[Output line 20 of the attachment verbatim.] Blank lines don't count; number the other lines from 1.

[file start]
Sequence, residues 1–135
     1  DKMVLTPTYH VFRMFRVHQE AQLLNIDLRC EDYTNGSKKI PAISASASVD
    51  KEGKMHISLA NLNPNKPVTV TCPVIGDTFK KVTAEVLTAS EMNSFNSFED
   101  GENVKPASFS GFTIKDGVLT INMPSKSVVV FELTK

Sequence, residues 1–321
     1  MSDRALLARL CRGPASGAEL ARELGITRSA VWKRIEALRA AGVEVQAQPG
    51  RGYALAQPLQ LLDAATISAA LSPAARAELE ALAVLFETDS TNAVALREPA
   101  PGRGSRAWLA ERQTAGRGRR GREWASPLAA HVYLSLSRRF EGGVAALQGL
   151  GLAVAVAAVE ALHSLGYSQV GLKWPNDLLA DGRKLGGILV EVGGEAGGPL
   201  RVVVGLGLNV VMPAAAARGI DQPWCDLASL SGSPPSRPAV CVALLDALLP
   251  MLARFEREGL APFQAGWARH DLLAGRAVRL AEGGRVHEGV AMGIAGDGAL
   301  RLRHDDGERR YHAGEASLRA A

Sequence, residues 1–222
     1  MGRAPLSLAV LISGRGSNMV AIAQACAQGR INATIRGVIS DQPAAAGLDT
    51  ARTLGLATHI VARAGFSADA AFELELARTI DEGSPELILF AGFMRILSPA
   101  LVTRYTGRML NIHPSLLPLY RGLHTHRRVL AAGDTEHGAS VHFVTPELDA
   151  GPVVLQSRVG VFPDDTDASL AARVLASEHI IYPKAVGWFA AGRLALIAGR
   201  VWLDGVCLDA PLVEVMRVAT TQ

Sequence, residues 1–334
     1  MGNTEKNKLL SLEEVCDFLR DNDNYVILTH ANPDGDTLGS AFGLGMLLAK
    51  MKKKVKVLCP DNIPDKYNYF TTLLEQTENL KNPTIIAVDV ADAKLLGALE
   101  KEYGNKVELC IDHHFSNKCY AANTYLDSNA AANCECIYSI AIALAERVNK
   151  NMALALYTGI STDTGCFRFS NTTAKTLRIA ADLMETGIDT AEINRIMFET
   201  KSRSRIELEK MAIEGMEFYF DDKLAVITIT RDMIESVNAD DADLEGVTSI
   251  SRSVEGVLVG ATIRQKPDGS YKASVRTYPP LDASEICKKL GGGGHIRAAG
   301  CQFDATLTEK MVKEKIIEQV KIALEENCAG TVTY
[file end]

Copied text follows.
     1  MGNTEKNKLL SLEEVCDFLR DNDNYVILTH ANPDGDTLGS AFGLGMLLAK